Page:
Five years on, Russian authorities have not learnt from the Beslan hostage siege, survivors of one of Russia's worst massacres in recent memory said Tuesday as they marked its grim anniversary.
Russian President Dmitry Medvedev visits a memorial cemetery of the victims of the 2004 Chechen terrorist siege of a school in the North Ossetian city of Beslan, Saturday, Aug. 8, 2009.
Several hundred relatives and survivors gathered at the crumbling ruins of School Number One in this southern town to commemorate the hostage disaster that took the lives of over 330 people, including 186 children.
The painful memory of the massacre that left a host of questions unanswered is slowly fading away and President Dmitry Medvedev did not mention the Beslan siege as he congratulated Russians on the start of a new academic year.
Survivors and relatives of those who perished in the massacre said they had yet to see a fair investigation into the tragedy and complained that the security situation in the north Caucasus was deteriorating daily.
"Five years ago, after Beslan, we thought that the world had to change," said Valentina Ostaniy, who was at the besieged school together with her son and nephew.
"But years later we see that nothing has changed. We are still afraid to send our children off to school because terror acts which have become yet more horrific and devious, take place in northern Caucasus every day."
Tuesday's memorial ceremony started with the school bell ringing at 9:15 am (0515 GMT), exactly the time when militants stormed the school in this town in the mountainous province of North Ossetia in southern Russia's turbulent Caucasus region.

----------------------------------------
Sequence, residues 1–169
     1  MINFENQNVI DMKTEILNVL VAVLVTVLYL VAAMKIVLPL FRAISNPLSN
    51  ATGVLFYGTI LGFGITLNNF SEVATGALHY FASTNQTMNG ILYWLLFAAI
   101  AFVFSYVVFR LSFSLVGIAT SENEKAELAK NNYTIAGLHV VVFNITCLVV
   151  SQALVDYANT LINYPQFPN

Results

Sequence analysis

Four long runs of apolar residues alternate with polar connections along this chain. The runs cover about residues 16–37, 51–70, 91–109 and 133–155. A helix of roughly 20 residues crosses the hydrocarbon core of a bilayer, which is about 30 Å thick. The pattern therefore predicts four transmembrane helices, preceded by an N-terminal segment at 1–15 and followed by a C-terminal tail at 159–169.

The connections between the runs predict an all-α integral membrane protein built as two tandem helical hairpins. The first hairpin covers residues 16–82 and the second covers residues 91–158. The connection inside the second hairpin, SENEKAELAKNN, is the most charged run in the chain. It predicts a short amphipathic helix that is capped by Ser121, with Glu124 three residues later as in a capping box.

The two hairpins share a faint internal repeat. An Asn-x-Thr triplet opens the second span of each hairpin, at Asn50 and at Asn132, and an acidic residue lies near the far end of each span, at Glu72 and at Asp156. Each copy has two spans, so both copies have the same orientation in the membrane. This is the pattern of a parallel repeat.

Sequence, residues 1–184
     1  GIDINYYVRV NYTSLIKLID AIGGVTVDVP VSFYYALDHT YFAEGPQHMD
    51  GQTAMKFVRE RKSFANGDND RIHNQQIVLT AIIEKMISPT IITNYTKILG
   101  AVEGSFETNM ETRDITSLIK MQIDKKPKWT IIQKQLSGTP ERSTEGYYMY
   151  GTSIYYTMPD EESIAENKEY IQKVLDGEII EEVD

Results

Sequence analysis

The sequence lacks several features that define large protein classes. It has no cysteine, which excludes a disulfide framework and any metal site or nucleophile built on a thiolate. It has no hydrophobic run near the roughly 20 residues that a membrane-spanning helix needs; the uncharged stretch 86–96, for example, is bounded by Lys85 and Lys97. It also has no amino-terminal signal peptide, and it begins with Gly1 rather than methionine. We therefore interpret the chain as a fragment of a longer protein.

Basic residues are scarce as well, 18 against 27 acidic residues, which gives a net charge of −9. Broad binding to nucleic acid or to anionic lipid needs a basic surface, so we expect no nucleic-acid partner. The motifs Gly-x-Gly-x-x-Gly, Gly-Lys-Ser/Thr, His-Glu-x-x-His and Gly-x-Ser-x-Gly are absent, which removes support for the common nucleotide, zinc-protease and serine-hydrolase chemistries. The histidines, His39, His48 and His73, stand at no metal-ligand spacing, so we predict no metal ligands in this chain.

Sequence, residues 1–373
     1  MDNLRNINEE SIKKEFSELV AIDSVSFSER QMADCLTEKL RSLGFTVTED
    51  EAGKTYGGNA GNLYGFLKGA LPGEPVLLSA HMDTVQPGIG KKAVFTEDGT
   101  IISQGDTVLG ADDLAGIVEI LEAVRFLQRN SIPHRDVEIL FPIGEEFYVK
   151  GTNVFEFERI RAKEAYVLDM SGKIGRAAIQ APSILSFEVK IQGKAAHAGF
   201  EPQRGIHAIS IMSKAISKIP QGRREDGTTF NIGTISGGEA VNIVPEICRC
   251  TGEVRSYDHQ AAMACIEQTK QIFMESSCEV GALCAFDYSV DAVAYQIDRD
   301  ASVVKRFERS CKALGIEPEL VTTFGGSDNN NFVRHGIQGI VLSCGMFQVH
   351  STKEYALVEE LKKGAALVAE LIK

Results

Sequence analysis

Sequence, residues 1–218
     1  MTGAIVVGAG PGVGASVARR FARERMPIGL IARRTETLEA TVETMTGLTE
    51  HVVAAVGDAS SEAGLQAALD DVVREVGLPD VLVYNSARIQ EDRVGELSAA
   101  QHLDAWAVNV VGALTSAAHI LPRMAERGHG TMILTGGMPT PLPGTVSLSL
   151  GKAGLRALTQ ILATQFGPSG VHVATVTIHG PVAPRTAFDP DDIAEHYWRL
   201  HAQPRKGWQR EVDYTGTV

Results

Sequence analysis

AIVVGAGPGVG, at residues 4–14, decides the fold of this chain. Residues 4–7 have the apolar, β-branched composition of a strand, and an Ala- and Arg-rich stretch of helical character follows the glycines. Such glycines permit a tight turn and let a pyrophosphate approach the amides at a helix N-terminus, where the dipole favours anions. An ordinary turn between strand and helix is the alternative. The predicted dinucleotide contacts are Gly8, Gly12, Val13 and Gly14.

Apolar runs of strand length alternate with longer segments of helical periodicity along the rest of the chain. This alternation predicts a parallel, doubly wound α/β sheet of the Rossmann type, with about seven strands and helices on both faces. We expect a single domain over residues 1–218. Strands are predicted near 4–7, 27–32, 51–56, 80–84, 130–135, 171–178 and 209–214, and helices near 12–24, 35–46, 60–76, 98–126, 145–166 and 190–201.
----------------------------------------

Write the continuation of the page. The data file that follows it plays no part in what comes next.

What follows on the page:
Hundreds of parents, relatives and survivors brought flowers, toys and water bottles in memory of those left without water during the three-day siege that ended in bloodshed on September 3.
An Orthodox priest performed the prayer service, and the North Ossetian leader, Taimuraz Mamsurov, whose son and daughter are among the survivors, laid flowers.
The Voice of Beslan, an organisation representing the victims of the school siege, and other activists will hold a vigil at the school for the next three days and nights.
Beslan was a scene of carnage.
An explosion went off inside in the school, where gunmen demanding the end of the war in Chechnya had been holding more than 1,000 hostages, a large number of them children, since September 1 -- the day Russians celebrate the start of the academic year.
The blast triggered an all-out battle between Russian special forces and the mostly Chechen gunmen.